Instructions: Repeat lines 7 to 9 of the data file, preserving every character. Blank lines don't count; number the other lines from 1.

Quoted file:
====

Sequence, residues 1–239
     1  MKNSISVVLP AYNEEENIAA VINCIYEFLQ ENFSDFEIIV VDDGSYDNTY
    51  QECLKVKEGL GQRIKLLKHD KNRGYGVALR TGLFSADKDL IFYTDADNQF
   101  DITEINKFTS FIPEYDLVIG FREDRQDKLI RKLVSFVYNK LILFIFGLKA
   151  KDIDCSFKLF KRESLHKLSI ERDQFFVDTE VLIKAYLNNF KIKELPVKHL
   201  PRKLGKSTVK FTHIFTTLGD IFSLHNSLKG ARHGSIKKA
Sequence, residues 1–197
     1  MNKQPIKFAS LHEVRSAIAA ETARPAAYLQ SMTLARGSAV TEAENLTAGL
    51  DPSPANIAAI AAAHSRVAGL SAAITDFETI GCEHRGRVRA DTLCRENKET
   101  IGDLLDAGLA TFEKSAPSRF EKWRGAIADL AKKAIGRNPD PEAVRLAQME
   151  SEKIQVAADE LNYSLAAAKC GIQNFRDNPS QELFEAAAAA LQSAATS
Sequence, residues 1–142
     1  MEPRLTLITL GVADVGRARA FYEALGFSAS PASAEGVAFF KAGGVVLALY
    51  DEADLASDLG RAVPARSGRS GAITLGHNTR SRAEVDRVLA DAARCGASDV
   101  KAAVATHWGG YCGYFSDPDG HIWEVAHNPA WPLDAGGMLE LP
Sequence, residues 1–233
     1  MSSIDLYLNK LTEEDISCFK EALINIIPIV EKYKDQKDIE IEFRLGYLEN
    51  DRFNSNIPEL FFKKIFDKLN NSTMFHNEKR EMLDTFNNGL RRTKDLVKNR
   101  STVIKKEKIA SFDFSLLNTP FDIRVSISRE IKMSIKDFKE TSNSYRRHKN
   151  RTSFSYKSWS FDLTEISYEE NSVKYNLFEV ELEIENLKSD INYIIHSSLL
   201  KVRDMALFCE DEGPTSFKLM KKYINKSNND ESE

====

Sequence, residues 1–197
     1  MNKQPIKFAS LHEVRSAIAA ETARPAAYLQ SMTLARGSAV TEAENLTAGL
    51  DPSPANIAAI AAAHSRVAGL SAAITDFETI GCEHRGRVRA DTLCRENKET